Multiple states of the world formed the United Nations (the UN) at the year 1945, after the end of World War II.
The term "United Nations" was first used by Winston Churchill and Franklin D. Roosevelt, in the 1942 Declaration by United Nations, which united the Allied countries of WWII under the Atlantic Charter, and soon became a term widely used to refer to them.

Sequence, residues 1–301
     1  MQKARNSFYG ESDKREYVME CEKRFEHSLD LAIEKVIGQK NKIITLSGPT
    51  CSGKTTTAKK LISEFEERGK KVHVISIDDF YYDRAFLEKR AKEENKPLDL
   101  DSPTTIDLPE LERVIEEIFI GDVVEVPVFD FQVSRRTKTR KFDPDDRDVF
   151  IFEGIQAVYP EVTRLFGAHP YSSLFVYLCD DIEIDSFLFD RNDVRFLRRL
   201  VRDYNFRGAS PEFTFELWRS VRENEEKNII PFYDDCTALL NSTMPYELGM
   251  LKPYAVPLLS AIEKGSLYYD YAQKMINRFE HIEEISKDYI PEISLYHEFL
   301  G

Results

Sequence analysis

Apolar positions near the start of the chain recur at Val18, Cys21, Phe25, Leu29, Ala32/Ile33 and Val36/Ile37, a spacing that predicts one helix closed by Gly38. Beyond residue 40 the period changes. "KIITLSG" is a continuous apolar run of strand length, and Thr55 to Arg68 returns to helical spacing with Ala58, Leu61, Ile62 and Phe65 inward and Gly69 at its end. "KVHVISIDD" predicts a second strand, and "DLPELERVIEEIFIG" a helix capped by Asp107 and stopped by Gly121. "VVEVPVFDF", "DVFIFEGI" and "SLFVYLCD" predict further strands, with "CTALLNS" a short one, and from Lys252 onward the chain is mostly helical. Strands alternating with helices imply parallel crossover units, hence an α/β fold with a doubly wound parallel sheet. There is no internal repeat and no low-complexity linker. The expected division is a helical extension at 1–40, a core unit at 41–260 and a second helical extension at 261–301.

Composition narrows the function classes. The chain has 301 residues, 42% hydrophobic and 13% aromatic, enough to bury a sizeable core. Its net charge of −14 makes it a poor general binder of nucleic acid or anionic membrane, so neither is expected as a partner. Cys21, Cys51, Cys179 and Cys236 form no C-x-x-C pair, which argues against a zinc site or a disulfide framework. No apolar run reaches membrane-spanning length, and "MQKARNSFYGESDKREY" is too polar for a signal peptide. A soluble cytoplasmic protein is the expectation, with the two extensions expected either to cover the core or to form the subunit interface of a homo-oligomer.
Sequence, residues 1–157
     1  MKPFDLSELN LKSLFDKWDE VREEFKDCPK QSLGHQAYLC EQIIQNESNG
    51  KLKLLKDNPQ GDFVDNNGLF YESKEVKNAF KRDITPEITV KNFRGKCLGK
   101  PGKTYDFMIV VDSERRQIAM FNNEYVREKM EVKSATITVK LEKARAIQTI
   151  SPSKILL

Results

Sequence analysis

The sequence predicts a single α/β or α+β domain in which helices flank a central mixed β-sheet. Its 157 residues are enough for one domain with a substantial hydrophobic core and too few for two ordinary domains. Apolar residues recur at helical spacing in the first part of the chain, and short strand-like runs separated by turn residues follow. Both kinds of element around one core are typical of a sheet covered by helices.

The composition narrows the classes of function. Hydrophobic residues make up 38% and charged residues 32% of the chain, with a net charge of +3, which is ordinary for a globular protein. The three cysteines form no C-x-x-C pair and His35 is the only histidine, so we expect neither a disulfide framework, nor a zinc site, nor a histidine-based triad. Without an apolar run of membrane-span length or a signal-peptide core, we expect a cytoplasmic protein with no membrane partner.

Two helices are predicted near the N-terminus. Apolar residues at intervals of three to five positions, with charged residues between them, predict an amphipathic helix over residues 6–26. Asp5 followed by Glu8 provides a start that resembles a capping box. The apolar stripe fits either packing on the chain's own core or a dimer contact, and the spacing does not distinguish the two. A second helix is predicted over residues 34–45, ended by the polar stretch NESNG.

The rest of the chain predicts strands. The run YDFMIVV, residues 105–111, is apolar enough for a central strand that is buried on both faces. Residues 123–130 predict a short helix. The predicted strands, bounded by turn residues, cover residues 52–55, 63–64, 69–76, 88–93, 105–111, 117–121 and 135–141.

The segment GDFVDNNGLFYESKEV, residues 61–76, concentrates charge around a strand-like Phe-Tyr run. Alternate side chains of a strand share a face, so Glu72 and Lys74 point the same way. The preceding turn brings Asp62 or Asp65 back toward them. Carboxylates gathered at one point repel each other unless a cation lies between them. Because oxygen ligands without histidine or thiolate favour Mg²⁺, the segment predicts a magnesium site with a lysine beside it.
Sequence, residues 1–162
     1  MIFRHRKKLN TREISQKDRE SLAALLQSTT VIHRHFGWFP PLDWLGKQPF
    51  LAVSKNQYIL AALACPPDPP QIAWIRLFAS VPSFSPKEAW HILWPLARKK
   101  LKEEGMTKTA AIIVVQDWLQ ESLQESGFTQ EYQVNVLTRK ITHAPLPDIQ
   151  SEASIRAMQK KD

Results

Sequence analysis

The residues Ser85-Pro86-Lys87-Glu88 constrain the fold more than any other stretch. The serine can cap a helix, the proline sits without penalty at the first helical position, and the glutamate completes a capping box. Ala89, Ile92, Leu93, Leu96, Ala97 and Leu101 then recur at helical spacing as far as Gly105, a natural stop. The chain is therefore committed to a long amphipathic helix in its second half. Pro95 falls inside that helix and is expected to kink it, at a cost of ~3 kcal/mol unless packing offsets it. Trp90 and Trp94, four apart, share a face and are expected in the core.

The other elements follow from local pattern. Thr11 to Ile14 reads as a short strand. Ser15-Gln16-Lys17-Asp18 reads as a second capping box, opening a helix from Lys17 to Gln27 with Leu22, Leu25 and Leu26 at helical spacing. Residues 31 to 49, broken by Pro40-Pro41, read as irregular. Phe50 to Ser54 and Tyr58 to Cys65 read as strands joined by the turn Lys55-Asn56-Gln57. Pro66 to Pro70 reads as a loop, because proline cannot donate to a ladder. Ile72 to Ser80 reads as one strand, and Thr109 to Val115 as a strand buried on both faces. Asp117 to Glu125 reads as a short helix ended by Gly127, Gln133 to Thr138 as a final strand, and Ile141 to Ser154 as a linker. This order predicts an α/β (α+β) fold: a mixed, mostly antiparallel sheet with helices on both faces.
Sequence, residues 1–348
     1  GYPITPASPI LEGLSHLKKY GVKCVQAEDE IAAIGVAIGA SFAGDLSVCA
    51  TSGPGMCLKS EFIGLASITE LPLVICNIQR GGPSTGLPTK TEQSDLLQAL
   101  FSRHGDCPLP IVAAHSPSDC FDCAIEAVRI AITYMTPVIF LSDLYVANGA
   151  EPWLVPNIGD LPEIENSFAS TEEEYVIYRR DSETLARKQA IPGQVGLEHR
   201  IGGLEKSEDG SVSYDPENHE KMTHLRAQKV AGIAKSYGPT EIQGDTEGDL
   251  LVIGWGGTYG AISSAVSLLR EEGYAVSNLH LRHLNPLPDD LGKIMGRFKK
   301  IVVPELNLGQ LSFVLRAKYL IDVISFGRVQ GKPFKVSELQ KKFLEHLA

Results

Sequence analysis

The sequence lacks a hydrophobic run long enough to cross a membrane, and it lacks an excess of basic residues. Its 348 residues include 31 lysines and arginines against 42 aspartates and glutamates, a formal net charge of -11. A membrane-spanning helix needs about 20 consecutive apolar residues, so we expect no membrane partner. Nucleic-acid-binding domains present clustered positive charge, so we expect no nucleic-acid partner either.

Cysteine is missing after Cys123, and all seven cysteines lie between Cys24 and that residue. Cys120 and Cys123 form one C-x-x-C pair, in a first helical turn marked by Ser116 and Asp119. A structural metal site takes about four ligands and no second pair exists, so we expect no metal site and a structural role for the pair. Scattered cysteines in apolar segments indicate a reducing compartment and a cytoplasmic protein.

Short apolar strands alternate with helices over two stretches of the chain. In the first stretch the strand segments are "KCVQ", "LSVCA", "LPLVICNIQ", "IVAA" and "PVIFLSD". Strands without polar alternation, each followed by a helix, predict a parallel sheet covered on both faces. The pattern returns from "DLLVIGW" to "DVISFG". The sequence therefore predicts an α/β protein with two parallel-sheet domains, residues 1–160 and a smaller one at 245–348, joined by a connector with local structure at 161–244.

On 25 April 1945, the UN Conference on International Organization began in San Francisco, attended by 50 governments and a number of non-governmental organizations involved in drafting the Charter of the United Nations. The UN officially came into existence on 24 October 1945 upon ratification of the Charter by the five permanent members of the Security Council — France, the Republic of China, the Soviet Union, the United Kingdom and the United States — and by a majority of the other 46 signatories.
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